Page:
By Bishop Jeffrey Monforton
Bishop Jeffrey M. Monforton is the bishop of Steubenville, Ohio. He is the former rector of Sacred Heart Major Seminary in Detroit. Ask the Bishop began as an initiative in Bishop Monforton’s diocesan newspaper, where children of all ages could write in questions about the faith and receive a response from the Bishop.
God is eternal. In other words, God is the One who does the creating. The Book of Genesis instructs us that God created time and the universe in which we live. Of course, as people who measure what we do by “keeping time,” it can be difficult to understand the concept that God has always been around.
Perhaps we may look at it this way: God created time for our benefit. God created the world in order that you and I may worship him and to share in his joy. God did not need us when he created us, but he certainly intended you and me to be here. Just as God’s work is not limited to finite laws of this world, he is not limited by time, since he created it.
Speaking of time, people have been asking this question for a very long time. The Catechism of the Catholic Church even acknowledges this in paragraphs 282–285. As we ascertain the inner workings of the universe, such as through the laws of physics (as we understand them), more questions seem to emerge. In our common curiosity about the beginnings of creation, the understanding of an eternal God transcends the discipline of the external sciences.
God is. Whether or not we employ external scientific data or the Creation Narrative from the Book of Genesis, we account that God existed before time itself. The Catechism explains that “The existence of God the Creator can be known with certainty through his works, by the light of human rea son” (286). Remember, “the created” is trying to understand the Creator. Not an easy task, but one that requires both faith and reason.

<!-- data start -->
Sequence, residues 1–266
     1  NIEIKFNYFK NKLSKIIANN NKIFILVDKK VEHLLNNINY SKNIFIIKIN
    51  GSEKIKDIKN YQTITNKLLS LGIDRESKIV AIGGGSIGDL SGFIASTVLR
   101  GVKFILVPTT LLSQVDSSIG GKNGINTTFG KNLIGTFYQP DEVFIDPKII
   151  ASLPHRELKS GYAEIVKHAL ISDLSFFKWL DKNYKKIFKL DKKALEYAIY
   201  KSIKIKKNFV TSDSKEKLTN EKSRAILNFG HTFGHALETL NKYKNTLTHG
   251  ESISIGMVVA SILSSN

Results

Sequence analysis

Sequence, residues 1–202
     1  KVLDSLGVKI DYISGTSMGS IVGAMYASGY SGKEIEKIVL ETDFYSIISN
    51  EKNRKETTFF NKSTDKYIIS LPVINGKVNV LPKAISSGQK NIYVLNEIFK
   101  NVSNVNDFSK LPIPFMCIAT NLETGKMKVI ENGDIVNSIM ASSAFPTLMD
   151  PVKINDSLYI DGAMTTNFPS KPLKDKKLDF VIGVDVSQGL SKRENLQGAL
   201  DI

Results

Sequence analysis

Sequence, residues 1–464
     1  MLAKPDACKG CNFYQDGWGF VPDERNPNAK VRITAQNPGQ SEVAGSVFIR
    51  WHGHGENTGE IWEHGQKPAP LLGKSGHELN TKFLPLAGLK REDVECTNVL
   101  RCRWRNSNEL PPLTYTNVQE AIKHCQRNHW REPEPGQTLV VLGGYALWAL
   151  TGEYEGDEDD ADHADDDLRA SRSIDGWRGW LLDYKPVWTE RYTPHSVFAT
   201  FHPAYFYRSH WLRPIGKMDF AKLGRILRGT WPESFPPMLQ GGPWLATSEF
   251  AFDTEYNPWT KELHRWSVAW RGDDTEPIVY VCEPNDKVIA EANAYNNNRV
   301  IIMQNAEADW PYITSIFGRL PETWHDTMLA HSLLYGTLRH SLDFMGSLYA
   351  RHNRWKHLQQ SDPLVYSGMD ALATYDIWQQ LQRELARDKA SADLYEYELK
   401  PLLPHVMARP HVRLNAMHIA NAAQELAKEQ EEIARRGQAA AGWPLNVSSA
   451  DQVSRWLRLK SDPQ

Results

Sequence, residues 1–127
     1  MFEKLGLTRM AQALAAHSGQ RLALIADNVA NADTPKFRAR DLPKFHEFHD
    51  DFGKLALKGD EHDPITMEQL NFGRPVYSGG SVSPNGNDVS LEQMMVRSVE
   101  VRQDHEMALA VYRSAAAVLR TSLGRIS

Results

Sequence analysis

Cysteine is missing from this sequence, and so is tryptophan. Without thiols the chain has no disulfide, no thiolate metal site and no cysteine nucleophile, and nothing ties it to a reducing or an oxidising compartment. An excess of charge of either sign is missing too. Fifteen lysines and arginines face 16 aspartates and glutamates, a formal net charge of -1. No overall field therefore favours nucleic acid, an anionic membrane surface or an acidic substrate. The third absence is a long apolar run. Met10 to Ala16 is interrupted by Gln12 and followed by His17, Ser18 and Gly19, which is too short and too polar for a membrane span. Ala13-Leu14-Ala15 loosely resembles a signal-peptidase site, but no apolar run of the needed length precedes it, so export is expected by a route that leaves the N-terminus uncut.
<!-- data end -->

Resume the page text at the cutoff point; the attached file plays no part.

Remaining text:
I bring up faith because we know God did not simply create the universe and walk away. That’s called Deism, and it misses the point of Jesus’ Suffering, death, and Resurrection: the New Creation. Only the One who existed before time could recreate the world in the divine gift of his Son. God is constantly with us and has willed the universe into existence, and recreated it in his Son for our benefit and for us in return to love God and to give him glory in our lives. God has no beginning, but out of his divine love, we do.
We should also look at the words used to describe the Holy Trinity: three persons, one God. The faith life of every Christian is based on the reality of God the Father, God the Son, and God the Holy Spirit. Jesus himself revealed this truth in his prayer to his Father and in his teachings to his Apostles. To be Christian is to believe in and to be baptized in the “name of the Father and of the Son and of the Holy Spirit” (Mt 28:19).
Also, the Holy Trinity is a mystery that we profess as a truth in the Creed every Sunday. Many a book or article has been published concerning this mystery. It is our faith, which complements our ability to reason, that allows us to appreciate this truth. The Holy Trinity is an object of faith.
It seems easier to explain what the Holy Trinity is not. For instance, there are many components to a computer. Only when all the parts are put together do we have a computer. The screen itself is not a computer. Or, for those of us who know the periodic table from our days in school: When we combine two hydrogen atoms with one oxygen atom, we get water. There are three parts to water. Only when you combine them do you have water. While these examples give us some good images, neither is an accurate explanation of the Holy Trinity.
All three Persons of the Holy Trinity possess the fullness of God. This is very difficult for us human beings to comprehend with our limited reasoning ability. It requires faith in the words of Jesus to understand that God’s plan for us greatly exceeds our human intellect.
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Questions about the Catholic faith deserve serious answers—especially when they are posed by children. In Ask the Bishop, Bishop Jeffrey Monforton thoughtfully responds to important questions asked by kindergarteners through high schoolers.